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Title: The paradox of autonomy : the journey of three standalone schools into a multi-academy trust
Author: Barnes, Peter H.
ISNI:       0000 0004 9353 6823
Awarding Body: University of Warwick
Current Institution: University of Warwick
Date of Award: 2020
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This thesis examines the paradox of autonomy through the journeys of three standalone schools: one maintained, one foundation and one academy towards forming a multi-academy trust. By examining the motivations and drivers of Governors and Senior Leaders in each school, it seeks to understand why, and how, decisions are made and the impact of these upon the present and the future. By concentrating on three key transition points: the start of the journey, the point of conversion and twelve months later, it explores the challenges and opportunities that arise throughout the conversion process, identifying those factors that both facilitate and hinder successful transition into a multi-academy trust. The research draws upon the reflections of Governors and Senior Leaders, as well as the influence of school context, and national and local pressures, on choices and decisions made. Through a conceptual framework of key themes, and by using qualitative methodology, it explores whether the original catalysts and impetus for conversion are realised, and whether the multiacademy trust model enables or constrains autonomy. This research project finds that, contrary to popular perception, the majority of issues surface not prior to conversion, but afterwards, with the multiacademy trust structure limiting opportunities to innovate and change. Whilst future governance structures assume a high priority during conversion, less attention is paid to the structures and powers of the centralised function in a MAT. This can then lead to role ambiguity and conflict, with the complexity of the conversion process detracting from the bigger picture post-transition. This study finds that, paradoxically, the most popular reasons for conversion: enhanced autonomy and increased funding are hindered by the very structures intended to promote them. As a result, schools within multi-academy trusts can find themselves with less freedom than in a local-authority led system. This research project also finds that the status of the converting school is less significant than the motivations and prior experiences of those its stakeholders working within them, and that school improvement activities and professional development opportunities are enhanced by schools joining together within a multi-academy trust.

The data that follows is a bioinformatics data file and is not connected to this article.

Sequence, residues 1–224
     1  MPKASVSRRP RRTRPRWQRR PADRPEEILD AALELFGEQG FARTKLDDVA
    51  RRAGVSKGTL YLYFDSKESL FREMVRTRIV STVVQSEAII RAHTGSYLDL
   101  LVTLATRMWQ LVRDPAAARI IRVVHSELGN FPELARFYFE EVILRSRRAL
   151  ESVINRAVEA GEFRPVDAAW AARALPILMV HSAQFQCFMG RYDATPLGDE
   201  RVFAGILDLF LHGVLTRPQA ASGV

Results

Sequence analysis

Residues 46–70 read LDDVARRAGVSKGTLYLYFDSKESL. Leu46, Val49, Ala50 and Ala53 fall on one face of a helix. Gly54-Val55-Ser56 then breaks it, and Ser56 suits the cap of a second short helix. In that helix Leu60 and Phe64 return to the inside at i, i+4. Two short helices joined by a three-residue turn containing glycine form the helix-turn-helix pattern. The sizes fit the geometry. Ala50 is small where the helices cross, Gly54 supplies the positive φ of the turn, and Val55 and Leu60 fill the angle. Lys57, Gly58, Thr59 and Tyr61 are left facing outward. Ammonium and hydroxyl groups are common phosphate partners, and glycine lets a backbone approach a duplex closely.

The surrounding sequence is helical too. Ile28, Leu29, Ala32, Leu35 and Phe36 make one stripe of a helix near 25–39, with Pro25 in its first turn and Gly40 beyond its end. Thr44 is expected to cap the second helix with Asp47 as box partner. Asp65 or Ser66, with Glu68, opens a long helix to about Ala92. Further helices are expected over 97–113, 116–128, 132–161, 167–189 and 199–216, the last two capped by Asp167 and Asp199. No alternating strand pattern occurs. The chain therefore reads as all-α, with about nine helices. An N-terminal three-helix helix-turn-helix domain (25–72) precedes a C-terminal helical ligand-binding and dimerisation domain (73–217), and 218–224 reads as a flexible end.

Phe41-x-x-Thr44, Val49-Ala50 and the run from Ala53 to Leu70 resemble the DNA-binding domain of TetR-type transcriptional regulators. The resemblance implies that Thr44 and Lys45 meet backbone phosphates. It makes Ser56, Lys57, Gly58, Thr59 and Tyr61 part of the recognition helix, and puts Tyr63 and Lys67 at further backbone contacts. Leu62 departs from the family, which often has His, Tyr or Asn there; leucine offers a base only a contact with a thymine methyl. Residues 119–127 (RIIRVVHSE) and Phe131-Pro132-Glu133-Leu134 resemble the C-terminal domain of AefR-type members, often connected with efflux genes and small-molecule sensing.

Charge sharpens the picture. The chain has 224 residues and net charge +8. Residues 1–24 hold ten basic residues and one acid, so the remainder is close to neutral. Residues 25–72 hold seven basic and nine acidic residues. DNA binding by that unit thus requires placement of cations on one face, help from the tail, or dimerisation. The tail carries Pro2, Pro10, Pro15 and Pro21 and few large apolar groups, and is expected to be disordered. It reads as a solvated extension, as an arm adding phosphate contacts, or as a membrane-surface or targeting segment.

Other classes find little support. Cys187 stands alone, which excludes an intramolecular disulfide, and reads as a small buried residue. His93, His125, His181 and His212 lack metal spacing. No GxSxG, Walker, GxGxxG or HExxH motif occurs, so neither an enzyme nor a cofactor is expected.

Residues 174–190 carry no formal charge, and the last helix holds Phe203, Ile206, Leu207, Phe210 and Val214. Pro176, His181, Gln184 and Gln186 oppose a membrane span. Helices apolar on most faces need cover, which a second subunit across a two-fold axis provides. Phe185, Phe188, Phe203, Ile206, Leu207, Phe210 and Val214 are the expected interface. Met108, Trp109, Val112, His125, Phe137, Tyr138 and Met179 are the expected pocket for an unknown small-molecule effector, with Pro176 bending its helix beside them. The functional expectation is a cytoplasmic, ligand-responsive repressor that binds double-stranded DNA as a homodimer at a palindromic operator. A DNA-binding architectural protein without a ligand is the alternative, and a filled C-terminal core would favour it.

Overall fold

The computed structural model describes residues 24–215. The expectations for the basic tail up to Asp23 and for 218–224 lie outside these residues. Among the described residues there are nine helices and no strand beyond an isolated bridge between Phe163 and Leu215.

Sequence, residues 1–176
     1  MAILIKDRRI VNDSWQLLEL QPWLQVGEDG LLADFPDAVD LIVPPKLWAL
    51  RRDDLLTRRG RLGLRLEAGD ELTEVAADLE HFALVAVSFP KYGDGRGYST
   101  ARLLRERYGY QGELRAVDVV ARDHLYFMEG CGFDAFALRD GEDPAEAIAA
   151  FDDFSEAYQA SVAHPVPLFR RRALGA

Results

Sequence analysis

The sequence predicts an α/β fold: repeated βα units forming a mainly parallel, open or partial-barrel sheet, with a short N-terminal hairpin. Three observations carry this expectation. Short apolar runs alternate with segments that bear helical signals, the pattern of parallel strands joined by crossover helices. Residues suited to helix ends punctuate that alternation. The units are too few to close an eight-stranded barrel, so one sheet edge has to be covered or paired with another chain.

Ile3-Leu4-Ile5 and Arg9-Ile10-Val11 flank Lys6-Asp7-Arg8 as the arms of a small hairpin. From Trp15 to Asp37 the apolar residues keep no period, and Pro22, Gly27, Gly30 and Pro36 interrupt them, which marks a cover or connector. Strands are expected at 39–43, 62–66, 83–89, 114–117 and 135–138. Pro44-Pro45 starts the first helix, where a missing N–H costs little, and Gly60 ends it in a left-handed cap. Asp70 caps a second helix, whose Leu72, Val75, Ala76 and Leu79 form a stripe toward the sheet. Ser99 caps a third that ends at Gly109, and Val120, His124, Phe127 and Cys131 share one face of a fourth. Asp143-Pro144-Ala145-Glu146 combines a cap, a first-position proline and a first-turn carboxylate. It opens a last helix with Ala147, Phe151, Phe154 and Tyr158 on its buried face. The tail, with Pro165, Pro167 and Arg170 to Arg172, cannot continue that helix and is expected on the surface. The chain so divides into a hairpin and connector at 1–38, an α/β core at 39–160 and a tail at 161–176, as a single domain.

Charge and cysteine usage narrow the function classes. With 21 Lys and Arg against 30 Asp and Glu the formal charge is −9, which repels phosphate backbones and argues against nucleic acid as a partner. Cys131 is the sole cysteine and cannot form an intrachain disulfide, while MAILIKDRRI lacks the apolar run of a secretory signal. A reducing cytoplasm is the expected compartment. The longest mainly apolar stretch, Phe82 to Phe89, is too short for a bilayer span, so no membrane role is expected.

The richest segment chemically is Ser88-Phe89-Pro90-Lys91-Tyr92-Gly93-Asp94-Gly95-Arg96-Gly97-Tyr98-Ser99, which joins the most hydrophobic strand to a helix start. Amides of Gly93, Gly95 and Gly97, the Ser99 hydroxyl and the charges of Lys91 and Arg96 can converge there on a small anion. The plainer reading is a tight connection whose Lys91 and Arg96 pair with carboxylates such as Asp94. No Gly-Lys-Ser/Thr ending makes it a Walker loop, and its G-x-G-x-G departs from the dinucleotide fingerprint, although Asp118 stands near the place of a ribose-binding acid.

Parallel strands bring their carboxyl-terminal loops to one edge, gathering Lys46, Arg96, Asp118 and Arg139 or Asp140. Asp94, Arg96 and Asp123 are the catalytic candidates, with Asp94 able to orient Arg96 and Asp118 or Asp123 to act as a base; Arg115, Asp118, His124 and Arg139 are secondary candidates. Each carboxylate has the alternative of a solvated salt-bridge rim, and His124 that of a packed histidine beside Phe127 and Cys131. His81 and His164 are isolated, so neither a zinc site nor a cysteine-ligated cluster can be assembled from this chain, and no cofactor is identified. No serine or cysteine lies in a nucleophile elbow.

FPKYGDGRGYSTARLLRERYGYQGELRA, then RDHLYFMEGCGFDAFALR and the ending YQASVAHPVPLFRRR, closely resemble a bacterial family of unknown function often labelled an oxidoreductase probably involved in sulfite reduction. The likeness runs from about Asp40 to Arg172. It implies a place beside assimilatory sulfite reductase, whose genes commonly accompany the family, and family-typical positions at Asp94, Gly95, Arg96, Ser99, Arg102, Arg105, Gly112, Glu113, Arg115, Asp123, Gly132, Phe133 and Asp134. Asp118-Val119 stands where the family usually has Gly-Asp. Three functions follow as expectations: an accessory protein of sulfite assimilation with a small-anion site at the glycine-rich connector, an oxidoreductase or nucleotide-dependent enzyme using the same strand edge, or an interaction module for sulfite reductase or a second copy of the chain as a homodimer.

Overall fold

Supervisor: Not available Sponsor: Not available
Qualification Name: Thesis (Ph.D.) Qualification Level: Doctoral
EThOS ID:  DOI: Not available
Keywords: LB Theory and practice of education ; LF Individual institutions (Europe)